Today, the 2nd of December, marks 11 years since my emergency ETV was performed (the previous 2 day’s surgeries, were unsuccessful). 3 surgeries over 3 days, while 5 and a half months pregnant…
Day 1 – VP shunt revision of a Medtronic Programmable
Day 2 – VP shunt replacement with an Orbis Sigma
Day 3 – Endoscopic Third Ventriculostomy (ETV) and VP shunt removal
As my husband explains it: He had just pulled up at his aunts’ house where we were staying, after visiting me at the hospital, when the surgeon called him. He said there were some complications and he needed to perform an emergency ETV. He would need a decision within the hour and was preparing to scrub in, ready to perform my 3rd brain operation.
No one could ever have prepared me for it. My last memory is of myself laying my head down on the pillow the Sunday night before check-in at the hospital and the next, waking up in ICU a few days later…
A few days prior, I thought I was getting another opinion to confirm shunt failure and quite literally, did not think past that point. A subsequent lumbar puncture confirmed pressure high enough to warrant surgery, without delay. I had the weekend to prepare myself; mentally, physically (with a quick shopping trip as I only packed clothes for a few days out of town) and spiritually. My prayer at church that Saturday night wasn’t as much for myself as it was for my unborn child. I bargained with God, begging and pleading for her survival, feeling numb to my core. I know, that’s not how it works but, I did it anyway. Smiling through it all. Feeling conflicted because, regardless of whether I had surgery or not, I knew both our lives depended on it, either way. No amount of comfort could erase what I was facing, nor what I would go through. At the same time, I felt immense relief because someone had FINALLY listened to me!
It’s not a case of something you brush aside and just forget about. For me, it’s about remembering and remaining thankful that we both survived!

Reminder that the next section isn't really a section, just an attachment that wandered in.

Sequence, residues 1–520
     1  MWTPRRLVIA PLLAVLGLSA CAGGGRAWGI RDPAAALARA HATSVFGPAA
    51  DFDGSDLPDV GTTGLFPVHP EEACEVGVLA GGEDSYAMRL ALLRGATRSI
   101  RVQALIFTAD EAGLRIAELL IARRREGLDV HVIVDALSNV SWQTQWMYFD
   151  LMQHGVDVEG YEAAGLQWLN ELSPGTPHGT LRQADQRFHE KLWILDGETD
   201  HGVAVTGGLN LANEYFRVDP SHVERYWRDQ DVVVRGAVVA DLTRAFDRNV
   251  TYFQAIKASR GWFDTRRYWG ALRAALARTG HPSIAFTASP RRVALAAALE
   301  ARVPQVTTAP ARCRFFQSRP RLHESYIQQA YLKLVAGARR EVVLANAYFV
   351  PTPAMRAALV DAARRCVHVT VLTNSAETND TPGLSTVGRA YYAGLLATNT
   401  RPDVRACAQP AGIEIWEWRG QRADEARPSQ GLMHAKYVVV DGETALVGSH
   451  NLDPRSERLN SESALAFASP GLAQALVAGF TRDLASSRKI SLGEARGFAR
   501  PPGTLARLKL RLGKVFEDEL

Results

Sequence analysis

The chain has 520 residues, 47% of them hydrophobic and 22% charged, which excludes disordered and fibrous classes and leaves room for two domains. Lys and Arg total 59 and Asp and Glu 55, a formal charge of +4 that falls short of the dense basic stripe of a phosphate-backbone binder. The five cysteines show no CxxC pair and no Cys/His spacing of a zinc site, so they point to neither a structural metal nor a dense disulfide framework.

Even war heroes are celebrated and remembered throughout the years, which is why I remind myself each year that passes…albeit in the silence of my heart and mind.
There are times though, that it truly feels like I’m at war with this condition.
It’s taken for granted, by some, that surgery to treat Hydrocephalus will go as planned, you’ll be in and out in no time. (Mostly those around us, not physically diagnosed with Hydrocephalus). And, even though this might be the case for most, there are times when it’s not. I can only imagine what my family endured during that time. I don’t envy them. As a friend recently pointed out to me, maybe that’s why my husband reacts the way he does whenever I mention feeling symptomatic. Any mention of further surgery, is a point of contention. He simply doesn’t want to relive that time. Or, maybe he just doesn’t want to lose me. (I don’t think he understands that, it’s not a either/or situation but, more of a; “Damned if you do, damned if you don’t!”).
We don’t plan these things. You never know when, and if, your treatment option is failing. All you know is, the likelihood is very high. We go into surgery trusting fully…be it the doctors and nurses or God. To each their own. We believe that everything will be OK, until it’s not.
I may not remember anything from that time but what I do remember, is enough to have traumatised me. (Along with all the blanks filled in after the fact). It’s probably the one reason why I’ve pushed so hard, for someone to take me seriously, when my symptoms arise.
Would you be able to live with the knowledge that surgeons will only act if you are “at deaths door”?
For most of us, this is the case. How can that possibly sit well with anyone? Is it really fair to think it’s an overreaction or dramatisation from anyone who responds in a certain way? (Perceived as negatively by some). Filled equally with fear and anxiety at the thought of having more brain surgery vs not being taken seriously…And, feeling helpless either way.
29. That’s how old I was when I was officially diagnosed. My world literally stood still and, dare I say, it was a tumultuous time in my life. Interrupted. Turned upside down. Overwhelming. So much uncertainty and fear. And, a fight to be heard…from the start! Followed by multiple brain surgeries, and knowing that each one of them will only last as long as my new abusive life partner, will allow.
Until the next time…
It’s a slippery slope of mixed emotion as I try to remain thankful and cognisant that 11 years have passed since then. Statistically, I’ve been told ETVs normally fail within 5 years but, experience and connecting with others have taught me, this number is different for all of us. Only 1 interruption since then, with ICP monitoring two years ago. I haven’t been able to reach a level of comfort where I can say I’m OK with having to face further surgery. If that makes me weak, then so be it.
Trauma is trauma and, selfishly (brain surgery and Hydrocephalus aside), I feel like I’ve had my fair share over the years! One thing I know for sure, Hydrocephalus certainly doesn’t leave anyone unscathed. Whether you’re the one diagnosed with it or the person watching someone you know and/or love, go through it, is irrespective. Time stands still for that moment and nothing else matters, as life hands you a healthy dose of perspective, with a life interrupted…